October is a fine time to be in the garden. Less bugs, less heat, but still some good sunshine, rain, and decent planting windows. Make sure to keep your garden planted either in fresh veggies or by starting your over-wintered cover crop.
I like to say that Ohio is a four season growing environment. I grow and harvest every month of the year including January and February. I recently did a class on Growing Over Winter and many asked if I had a recording of that to view. You are in luck. Check out the Growing Over Winter webinar below.
There is still plenty of time to get seeds in the ground so that you can enjoy some fresh veggies all year long.
We still have some time to grow and harvest. Find out what is happening right NOW in the community garden in two quick minutes.
August 11 is National 8/11 Day, and 811 is the national call-before-you-dig phone number. If you are planning to dig, contact 811 (by calling 8-1-1 or visiting your state’s 811 center website) before digging to request the approximate location of buried public utilities are marked, to help avoid hitting a buried utility.
Check out this engaging two-minute video to see what is happening right NOW in the community garden.
Check out this quick and engaging two minute quick trip through my community garden to see what is happening right now. Hint: Watch out for the bugs!
The second year of the statewide Home Garden Vegetable Trials kicks off during the month of February. Citizen scientists are recruited to contribute to our vegetable trials for Ohio. We look for people excited about growing vegetables in their home or community gardens and then letting us know what they think. Youth and adults are welcomed to participate. Each trial contains two varieties that are grown side by side to compare throughout the season. They can select multiple trials with 5 cool-season vegetables and 5 warm-season vegetables available. For each trial, participants get:
- Seed for two varieties of a vegetable
- Row markets
- A garden layout plan to prepare your rows or beds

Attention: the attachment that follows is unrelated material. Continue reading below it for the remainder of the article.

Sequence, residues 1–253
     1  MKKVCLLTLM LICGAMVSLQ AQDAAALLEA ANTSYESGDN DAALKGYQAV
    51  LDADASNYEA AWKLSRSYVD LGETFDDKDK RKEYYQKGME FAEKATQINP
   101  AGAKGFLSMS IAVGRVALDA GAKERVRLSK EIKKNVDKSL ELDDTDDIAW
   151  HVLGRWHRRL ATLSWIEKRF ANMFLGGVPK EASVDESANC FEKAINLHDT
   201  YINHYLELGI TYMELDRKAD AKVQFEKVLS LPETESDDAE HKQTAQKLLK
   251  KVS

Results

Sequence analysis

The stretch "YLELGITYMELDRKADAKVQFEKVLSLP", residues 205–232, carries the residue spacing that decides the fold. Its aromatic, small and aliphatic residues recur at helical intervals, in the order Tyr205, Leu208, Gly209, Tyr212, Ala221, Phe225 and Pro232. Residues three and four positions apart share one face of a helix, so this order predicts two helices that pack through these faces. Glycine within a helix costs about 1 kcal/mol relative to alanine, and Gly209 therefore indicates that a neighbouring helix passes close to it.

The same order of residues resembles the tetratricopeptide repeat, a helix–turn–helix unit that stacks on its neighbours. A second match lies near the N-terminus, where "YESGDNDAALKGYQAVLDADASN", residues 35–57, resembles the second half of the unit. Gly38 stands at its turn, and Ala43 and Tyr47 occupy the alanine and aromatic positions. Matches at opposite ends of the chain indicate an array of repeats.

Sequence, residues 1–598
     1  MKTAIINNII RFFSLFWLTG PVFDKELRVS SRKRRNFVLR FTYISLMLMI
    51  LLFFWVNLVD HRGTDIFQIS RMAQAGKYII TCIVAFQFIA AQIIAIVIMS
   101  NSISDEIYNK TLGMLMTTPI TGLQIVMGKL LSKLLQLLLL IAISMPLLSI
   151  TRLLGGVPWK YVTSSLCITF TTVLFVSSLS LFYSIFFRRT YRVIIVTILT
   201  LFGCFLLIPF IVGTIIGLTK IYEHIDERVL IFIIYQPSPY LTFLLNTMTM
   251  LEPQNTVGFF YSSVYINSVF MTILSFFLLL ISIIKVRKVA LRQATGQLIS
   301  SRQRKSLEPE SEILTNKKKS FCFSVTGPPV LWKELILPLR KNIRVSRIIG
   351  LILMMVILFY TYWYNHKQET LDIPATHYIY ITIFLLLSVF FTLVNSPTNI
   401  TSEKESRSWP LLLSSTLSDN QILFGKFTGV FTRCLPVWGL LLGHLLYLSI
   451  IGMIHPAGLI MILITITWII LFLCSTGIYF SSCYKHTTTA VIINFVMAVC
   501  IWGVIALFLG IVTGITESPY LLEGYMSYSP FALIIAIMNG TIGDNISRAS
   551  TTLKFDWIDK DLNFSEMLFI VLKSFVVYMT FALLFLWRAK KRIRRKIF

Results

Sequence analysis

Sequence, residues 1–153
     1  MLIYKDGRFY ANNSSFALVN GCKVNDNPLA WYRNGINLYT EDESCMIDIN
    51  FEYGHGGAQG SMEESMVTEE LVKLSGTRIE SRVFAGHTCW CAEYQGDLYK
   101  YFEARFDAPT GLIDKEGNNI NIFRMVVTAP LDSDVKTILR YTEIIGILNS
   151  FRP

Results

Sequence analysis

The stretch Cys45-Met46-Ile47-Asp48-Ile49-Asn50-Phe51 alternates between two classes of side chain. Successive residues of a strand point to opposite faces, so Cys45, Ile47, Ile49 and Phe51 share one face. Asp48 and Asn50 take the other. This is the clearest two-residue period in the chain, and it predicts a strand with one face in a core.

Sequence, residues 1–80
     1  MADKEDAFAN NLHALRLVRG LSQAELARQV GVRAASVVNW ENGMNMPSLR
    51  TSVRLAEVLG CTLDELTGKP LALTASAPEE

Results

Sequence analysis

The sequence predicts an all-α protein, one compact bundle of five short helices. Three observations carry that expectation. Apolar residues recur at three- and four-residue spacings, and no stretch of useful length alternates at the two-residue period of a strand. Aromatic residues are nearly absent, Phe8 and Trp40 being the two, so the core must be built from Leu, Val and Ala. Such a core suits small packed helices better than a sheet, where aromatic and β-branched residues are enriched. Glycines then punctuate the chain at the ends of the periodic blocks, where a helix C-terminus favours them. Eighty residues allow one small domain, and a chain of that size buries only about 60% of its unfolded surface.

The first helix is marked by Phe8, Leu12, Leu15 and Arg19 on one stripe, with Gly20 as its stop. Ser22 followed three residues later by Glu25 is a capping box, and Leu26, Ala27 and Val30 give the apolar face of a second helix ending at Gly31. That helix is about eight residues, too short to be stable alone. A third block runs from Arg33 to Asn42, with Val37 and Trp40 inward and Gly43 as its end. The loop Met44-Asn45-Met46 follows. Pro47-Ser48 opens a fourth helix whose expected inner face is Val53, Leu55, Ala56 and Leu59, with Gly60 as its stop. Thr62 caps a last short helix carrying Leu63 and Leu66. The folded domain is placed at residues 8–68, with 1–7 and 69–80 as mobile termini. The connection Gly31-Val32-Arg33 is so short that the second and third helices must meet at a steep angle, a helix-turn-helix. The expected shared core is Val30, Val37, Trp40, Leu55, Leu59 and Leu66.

- Growing information specific to the crop species you, including planting date, plant spacing, nutrient requirements, etc.
- An evaluation sheet (can be completed online)
Participants may select up to 5 trials. We are now asking you to complete the sign up and send payment. The trial catalog has a description of each variety that will be used this year. On the last page is a registration page that can be printed and filled out by hand for those who do not use computers.
Some seeds are from organic sources, but a few are not. The vegetables are not experimental, but some have been released in the last few years. Others are old favorites being compared to new varieties to see if they still stand the test of time. All seeds are non-GMO (as all vegetable seeds available are non-GMO) Each trial is $3. We have created an online registration site. Please go through the sign-up process and select your vegetables. On the payment page, you can choose to pay by card or check. If you choose check, the details for filling out and sending the check will be displayed. Please send that in as soon as possible. You will also see the $8 charge for home delivery added to your bill. We have had to do this because our Extension Offices have been temporarily closed. You also have the option of registering and paying for more than one person while visiting the site. The deadline for ordering is February 28 for guaranteed participation and March 15 while supplies last.
VEGETABLE TRIALS web site
go.osu.edu/veggies2021 registration site
Are you a local food producer? We are in the process of compiling a list of local food producers by county and want to include you! Use this link to be added to the list.
If you are searching for places to purchase local foods, be on the lookout for our updated list.